7 Items

Tunisian designated Prime Minister Hichem Mechichi, right, delivers his speech at the parliament before a confidence vote in Tunis, Tuesday, Sept. 1, 2020.

(AP Photo/Riadh Dridi)

Journal Article - Comparative Political Studies

Who Supports Gender Quotas in Transitioning and Authoritarian States in the Middle East and North Africa?

| Mar. 12, 2024

What are the drivers of citizens’ support for electoral gender quotas in transitioning and authoritarian states? Despite extensive research examining public support for women in politics in democracies, we know little about how the public perceives them in less democratic settings. To address this shortcoming, we use original survey data from authoritarian Morocco and transitioning Tunisia – two Arab countries hailed for their progressive gender policies. We argue that in these countries where citizens lack political information, they instead rely on their assessment of the government’s performance to form attitudes toward gender quotas. Furthermore, electoral legitimacy plays an important role in shaping citizens’ support for quotas, which are closely linked to how elections and legislatures operate. The findings offer strong support for our theoretical expectations and uncover important gender differences.

Amman, March 2020

AP Photo/Raad Adayleh


Economic and Social Impacts of the COVID-19 Pandemic on the Middle East and North Africa

| December 2022

Between October 2020 and May 2021, the Middle East Initiative conducted a series of nationally representative surveys to measure the economic, social, and public health impacts of the COVID-19 pandemic in the Middle East and North Africa (MENA) region.1 Designed and supervised by Tarek Masoud, Faculty Director of the Middle East Initiative, and Yuree Noh, Research Fellow, the surveys collected responses from 8,500 residents of seven countries in the region—Algeria, Egypt, Kuwait, Morocco, Saudi Arabia, Tunisia, and the United Arab Emirates. Our goal is to provide the data and insights needed to develop effective policy responses to current and future public health crises.

This report summarizes our findings on how COVID-19 has disrupted employment, mental health, food security, education, and childcare in the region during its first year. We also show that the consequences of the pandemic were felt most acutely by some of the region’s most vulnerable populations: the poor, women, youth, and children.

Students carry banners and chant slogans during a demonstration in Algiers, Algeria, Tuesday, April 16, 2019.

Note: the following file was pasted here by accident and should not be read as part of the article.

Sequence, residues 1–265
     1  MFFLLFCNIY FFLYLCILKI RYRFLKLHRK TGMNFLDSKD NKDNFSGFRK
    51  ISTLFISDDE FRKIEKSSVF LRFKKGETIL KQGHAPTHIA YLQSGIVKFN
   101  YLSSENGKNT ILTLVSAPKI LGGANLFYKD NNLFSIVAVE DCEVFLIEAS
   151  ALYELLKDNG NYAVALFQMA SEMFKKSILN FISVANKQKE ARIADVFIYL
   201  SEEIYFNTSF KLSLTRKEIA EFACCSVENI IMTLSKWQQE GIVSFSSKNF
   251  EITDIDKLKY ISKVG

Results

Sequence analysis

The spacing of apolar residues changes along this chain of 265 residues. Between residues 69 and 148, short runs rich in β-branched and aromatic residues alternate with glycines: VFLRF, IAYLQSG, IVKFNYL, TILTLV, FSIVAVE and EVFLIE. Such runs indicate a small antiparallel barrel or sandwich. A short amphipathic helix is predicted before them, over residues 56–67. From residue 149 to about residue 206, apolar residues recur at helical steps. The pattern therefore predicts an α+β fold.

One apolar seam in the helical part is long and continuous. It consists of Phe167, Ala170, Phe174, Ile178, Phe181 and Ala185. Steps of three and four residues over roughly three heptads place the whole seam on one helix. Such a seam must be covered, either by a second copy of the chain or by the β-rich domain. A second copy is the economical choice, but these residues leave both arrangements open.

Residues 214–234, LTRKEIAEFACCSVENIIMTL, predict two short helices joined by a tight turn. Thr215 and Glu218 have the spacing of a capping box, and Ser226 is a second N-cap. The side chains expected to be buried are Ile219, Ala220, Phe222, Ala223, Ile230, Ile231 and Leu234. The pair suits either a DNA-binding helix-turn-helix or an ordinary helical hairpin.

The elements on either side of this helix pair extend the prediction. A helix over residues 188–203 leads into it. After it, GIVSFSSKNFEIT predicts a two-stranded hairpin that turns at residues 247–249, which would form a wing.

(Anis Belghoul/AP Photo)

Analysis & Opinions - WBEZ 91.5 Chicago

After 20 Years With A Single President, Algeria Looks For A New Leader

| Apr. 17, 2019

After months of mass anti-government protests, Algerian President Abdelaziz Bouteflika stepped down in early April after 20 years of rule. Protesters sought to take down a political system they said was corrupt, concentrating power in the hands of a few military, intelligence and business leaders. The tipping point came when Bouteflika, 82, announced he would run for a fifth term in office; protesters responded with slogans including “leave means leave” and “no fifth term.”


Report - Project on Middle East Political Science

POMEPS Studies 31: Social Policy in the Middle East and North Africa

This spring, major protests swept through Jordan over economic grievances and subsidy reforms. In July, protestors took to the streets in the south of Iraq, demanding that the government address persistent unemployment, underdevelopment, and corruption. Meanwhile, earlier in 2018, Tunisians launched a wave of protests to oppose tax hikes on basic goods and increased cost of living. Such highly politicized responses to social policy concerns are the norm rather than the exception across the Middle East and North Africa.

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Report Chapter

Politics and education in post-war Algeria

| October 2018

The 1990s in Algeria were tumultuous. Economic crisis drove widespread protests in the late 1980s, which were followed by democratic political reforms, the victory of the Front Islamique du Salut (FIS) in the 1991 legislative elections, a rapid political breakdown, and a long and bloody civil war. These events have since continued to shape political developments not only in Algeria, but also in the broader Middle East region. What remain to be clarified, though, are the longer-term consequences of this contentious period for economic and social welfare conditions in the country.